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Community and Q&A

Rigid Foam Polystyrene under Wood Floating Floor

M4SdpZMuYW | Posted in GBA Pro Help on

I have a room above my garage that is always cold (or hot), I’m in Southern NH. I had a quote from an insulation company to take down the drywall ceiling of the garage (and insulation) and replace it with spray foam for $2,000.00 (gulp). Since this is way out of our budget I thought I could tackle the problem from the floor of the room since we have to replace the carpet. I was thinking of adding a layer of Rigid Foam Polystyrene (taped seams) over the existing plywood floor and then using an engineered wood floating floor above the Foam?? Can I use a floating floor above the Foam??

I will also be adding blown insulation into the knee walls and ceiling of this room and using spray foam around top plates, sill plates and around any vent openings or cracks.
Thank You!!!

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  1. GBA Editor
    Martin Holladay | | #1

    I advise you to check with the flooring manufacturer, but my understanding is that most manufacturers of floating flooring require a layer of OSB or plywood to be installed on top of the rigid foam before installing the flooring.

  2. M4SdpZMuYW | | #2

    okay thank you Martin!
    I would then have to float the plywood too because I couldn't nail it to the Foam, right?

  3. GBA Editor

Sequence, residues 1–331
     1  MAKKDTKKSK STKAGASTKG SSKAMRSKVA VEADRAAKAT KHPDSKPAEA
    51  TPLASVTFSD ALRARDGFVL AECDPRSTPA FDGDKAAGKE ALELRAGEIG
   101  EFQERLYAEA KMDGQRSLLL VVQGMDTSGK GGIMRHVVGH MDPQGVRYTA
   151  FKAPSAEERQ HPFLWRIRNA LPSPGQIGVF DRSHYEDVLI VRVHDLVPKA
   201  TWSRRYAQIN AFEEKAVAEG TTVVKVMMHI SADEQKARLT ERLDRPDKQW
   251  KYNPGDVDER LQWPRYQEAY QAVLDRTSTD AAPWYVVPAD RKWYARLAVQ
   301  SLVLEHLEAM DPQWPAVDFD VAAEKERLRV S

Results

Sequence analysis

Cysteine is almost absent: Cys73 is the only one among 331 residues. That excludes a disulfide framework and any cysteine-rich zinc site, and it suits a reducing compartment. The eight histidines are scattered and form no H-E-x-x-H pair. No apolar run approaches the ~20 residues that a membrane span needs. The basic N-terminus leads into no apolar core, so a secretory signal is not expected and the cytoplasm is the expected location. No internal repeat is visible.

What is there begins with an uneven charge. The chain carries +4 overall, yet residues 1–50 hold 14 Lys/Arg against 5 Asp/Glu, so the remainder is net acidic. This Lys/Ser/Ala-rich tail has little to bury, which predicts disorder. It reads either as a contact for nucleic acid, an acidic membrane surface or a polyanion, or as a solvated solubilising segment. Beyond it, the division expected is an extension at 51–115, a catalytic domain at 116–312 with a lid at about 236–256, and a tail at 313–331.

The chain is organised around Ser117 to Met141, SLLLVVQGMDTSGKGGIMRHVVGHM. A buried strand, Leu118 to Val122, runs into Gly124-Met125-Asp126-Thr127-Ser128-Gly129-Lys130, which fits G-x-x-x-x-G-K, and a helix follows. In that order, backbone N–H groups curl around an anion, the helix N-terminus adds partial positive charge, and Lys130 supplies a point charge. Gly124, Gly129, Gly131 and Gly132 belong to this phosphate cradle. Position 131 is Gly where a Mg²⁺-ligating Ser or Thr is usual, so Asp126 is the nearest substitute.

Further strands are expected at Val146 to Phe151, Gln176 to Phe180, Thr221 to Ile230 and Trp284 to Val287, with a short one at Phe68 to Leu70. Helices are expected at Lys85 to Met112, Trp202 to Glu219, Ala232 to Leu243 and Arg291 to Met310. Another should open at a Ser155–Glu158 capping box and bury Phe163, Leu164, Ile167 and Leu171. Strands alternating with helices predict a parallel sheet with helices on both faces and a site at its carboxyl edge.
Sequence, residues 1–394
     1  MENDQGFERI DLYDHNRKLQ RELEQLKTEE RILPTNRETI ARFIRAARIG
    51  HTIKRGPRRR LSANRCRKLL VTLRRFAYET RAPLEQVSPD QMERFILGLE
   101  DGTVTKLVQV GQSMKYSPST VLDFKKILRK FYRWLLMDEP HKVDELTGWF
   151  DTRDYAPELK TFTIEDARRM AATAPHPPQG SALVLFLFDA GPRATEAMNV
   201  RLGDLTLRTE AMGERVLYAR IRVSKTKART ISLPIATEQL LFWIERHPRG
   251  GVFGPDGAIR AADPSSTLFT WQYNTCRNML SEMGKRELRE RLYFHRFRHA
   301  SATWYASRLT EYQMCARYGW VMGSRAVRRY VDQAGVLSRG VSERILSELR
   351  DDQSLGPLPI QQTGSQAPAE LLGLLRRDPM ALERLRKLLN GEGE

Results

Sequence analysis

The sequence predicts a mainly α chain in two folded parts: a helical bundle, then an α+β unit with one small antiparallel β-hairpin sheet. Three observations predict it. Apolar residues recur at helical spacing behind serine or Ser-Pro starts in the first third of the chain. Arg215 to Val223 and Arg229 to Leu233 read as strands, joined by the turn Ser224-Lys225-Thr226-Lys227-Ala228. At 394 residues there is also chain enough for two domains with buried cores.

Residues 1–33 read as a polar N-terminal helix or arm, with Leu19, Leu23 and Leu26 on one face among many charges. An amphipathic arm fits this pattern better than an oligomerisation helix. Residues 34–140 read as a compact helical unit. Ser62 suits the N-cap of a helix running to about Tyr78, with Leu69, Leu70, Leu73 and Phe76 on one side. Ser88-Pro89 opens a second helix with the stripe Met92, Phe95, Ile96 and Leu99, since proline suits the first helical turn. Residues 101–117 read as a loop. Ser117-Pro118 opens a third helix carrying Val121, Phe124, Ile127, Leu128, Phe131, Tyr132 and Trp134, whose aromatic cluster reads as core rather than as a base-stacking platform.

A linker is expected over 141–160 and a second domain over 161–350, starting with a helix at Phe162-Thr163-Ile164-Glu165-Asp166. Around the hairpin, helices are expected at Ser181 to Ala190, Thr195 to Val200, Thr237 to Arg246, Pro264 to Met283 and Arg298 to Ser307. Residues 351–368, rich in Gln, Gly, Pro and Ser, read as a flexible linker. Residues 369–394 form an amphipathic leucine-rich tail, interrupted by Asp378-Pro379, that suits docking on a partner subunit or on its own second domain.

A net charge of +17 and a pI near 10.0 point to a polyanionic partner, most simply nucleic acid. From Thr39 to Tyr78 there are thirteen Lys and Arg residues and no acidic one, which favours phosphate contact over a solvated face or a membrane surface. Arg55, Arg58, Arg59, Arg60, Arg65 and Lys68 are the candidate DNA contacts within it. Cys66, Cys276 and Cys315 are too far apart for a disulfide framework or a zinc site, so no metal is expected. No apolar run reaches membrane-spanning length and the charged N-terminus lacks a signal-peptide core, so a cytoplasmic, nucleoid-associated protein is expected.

Martin Holladay | | #3

    It's certainly possible to fasten plywood over foam by using long screws through the foam to the floor joists or subfloor below.

  4. M4SdpZMuYW | | #4

    Great, I will look into that! Thank you! Happy Holidays!

  5. jklingel | | #5

    Mary: I would suggest using a higher density foam, in the order of 40 or 60 psi. That is just a gut feeling, though; no data. This has been discussed on if you care to read there. I see zero problems w/ your plan. Subfloors are not supposed to deviate more than about 1/8" in 10' from "perfectly flat", according to the two manufacturers I consulted when I did a similar job. The point is, make sure your subfloor is as good as you can get it.

  6. Billy | | #6

    One question is how thick will your foam will be over the subfloor. You are not going to get sufficient R value in New Hampshire unless you use 3 inches or more of foam... and think about what this will do to your thresholds, ceiling height, window heights, etc.

    My suggestion is to get some more spray foam quotes and hopefully you can get a better price. Plus, there will be benefits to sir sealing from underneath and spraying the rim joists and ends of the joist cavities.

    You also could add some polyiso foam boards, taped, on the garage ceiling before you put up drywall.


  7. M4SdpZMuYW | | #7

    Thanks John and Billy, your advice is much appreciated!!!

  8. mrbreadpuddin | | #8

    You could also take down the garage cieling and put batt insulation between the joists, then rigid foam under the joists, then strapping and drywall.

  9. M4SdpZMuYW | | #9

    The reason I started this question was that I didn't want to take the garage ceiling down so I was trying to insulate from the floor side instead of the Garage ceiling side...even though I know it's better to insulate the ceiling.

  10. wjrobinson | | #10

    Mary, I would cut into the drywall and look at existing insulation. If there is space above insulation by the subfloor, then you could cut a strip of drywall to access blowing in a dense pack of insulation. Then do your foam layer, standard foam is fine, and lay floating floor right on it since your budget is tight. A customer of mine has done something similar.

  11. wjrobinson | | #11

    Lastly, add window ac unit and a small room heater w tstat to supplement your existing system. Your existing system most likely has not enough supply ducting to the space, happens often.

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